Original Sunken Trace RoadPart of the original Sunken Trace road
The 445-mile parkway follows the general path of the old Natchez Trace, originally a footpath for Native American Choctaw and Chickasaw (Littman). The parkway runs from Natchez, Mississippi, across the northeast corner of Alabama, and into Tennessee. The Northern Terminus (Tupelo-Nashville) ends just out of Nashville after passing by Franklin, Tennessee. The final leg of the parkway was completed in 1996 (Littman). Representative Thomas J. Busby of Mississippi introduced the first of the bills into Contgress to construct a paved road along the route of the old Trace. Work began under the Public Works Administration, and included the Works Project Administration, and the Civilian Conservation Corps.
The survey was completed by the National Park Service and in May 1938, the Natchez Trace Parkway was established by Congress as part of the NPS (Lyon). Moreau B. Chambers of the Mississippi Department of Archives and History, with the CCC and National Youth Administration, completed work in Lee County, Mississippi in 1937. The archeological survey was directed by Jesse Jennings, with the cooperation of WPA.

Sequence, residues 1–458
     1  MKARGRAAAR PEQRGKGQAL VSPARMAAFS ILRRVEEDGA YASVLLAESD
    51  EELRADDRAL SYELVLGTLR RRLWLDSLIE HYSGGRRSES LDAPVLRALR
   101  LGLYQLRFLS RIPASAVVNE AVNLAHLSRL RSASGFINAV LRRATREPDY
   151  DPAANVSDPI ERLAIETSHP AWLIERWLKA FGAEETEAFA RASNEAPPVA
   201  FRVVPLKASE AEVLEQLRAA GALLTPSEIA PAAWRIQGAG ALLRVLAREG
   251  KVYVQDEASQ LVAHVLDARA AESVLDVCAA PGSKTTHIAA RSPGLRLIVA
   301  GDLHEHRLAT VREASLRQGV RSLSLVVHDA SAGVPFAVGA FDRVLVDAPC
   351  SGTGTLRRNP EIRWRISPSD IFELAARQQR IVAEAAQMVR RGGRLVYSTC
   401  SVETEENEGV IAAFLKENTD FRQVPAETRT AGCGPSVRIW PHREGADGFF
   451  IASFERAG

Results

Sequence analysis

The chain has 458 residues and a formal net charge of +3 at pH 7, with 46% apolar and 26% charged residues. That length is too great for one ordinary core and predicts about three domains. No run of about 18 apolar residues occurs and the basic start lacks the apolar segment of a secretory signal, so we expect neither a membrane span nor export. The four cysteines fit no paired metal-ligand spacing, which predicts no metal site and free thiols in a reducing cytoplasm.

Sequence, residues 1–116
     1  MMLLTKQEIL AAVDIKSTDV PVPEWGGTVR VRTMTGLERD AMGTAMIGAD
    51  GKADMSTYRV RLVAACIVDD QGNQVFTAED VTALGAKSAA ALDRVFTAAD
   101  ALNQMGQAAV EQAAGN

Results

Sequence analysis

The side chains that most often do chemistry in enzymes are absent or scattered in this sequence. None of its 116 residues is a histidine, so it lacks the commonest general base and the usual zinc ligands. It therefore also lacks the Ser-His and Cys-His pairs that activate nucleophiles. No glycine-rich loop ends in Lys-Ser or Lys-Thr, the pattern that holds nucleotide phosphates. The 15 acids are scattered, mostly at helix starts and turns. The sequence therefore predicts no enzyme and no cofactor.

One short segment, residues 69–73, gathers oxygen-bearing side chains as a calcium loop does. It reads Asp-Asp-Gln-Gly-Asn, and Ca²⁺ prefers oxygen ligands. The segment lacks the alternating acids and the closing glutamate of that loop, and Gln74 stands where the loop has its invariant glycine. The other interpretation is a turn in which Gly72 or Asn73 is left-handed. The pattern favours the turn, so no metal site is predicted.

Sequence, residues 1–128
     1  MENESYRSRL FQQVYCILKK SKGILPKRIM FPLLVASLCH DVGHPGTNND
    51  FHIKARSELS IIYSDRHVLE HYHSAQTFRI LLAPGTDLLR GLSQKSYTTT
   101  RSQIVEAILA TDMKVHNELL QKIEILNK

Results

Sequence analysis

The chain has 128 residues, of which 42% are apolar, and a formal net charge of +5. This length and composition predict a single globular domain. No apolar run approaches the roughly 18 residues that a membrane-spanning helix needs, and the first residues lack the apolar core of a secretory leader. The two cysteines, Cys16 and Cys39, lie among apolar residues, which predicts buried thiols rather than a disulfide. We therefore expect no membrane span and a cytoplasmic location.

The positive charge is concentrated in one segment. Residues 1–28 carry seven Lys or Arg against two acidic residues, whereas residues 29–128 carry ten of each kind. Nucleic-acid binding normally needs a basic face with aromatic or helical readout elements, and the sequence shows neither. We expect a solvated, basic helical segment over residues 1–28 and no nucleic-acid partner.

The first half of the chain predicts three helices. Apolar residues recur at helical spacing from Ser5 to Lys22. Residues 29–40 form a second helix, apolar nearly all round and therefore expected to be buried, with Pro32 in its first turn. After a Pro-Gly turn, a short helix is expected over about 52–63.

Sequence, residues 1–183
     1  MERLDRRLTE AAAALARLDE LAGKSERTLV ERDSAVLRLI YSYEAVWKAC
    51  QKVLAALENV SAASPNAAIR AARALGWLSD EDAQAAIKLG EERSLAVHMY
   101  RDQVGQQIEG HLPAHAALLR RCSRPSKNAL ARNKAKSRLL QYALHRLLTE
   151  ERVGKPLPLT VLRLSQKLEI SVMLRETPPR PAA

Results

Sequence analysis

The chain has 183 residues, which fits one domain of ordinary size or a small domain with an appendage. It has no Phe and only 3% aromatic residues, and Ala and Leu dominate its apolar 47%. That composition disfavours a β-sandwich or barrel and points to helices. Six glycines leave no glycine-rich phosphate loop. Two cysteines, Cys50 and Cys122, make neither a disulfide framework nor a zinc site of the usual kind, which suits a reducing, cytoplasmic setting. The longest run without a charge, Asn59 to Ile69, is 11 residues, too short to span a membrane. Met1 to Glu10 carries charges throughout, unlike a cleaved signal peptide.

The construction of the 155-foot tall double arch concrete bridge near Franklin, Tennessee is one of the outstanding features of the historic Trace parkway. The bridge, which was the “nation’s first segmentally constructed concrete arch bridge” was completed in 1994, and spans 1, 648 feet across Birdsong Hollow and TN Highways 96. The last remaining gap in the development of the parkway (near Jackson, MS) was completed in 2005.
Federal Highway Administration. Retrieved from fhwa.dot.gov. Littman, M. (2013). Tennesse. Moon Handbooks/Avalon Travel Publishing. Lyon, E. A. (1996). A New Deal for Southeaster Archaeology. Tuscaloosa, AL: The University of Alabama Press. Mississippi Department of Archives and History, Historic Resources Inventory database.
Project originally submitted by Susan C. Allen on October 8, 2013.
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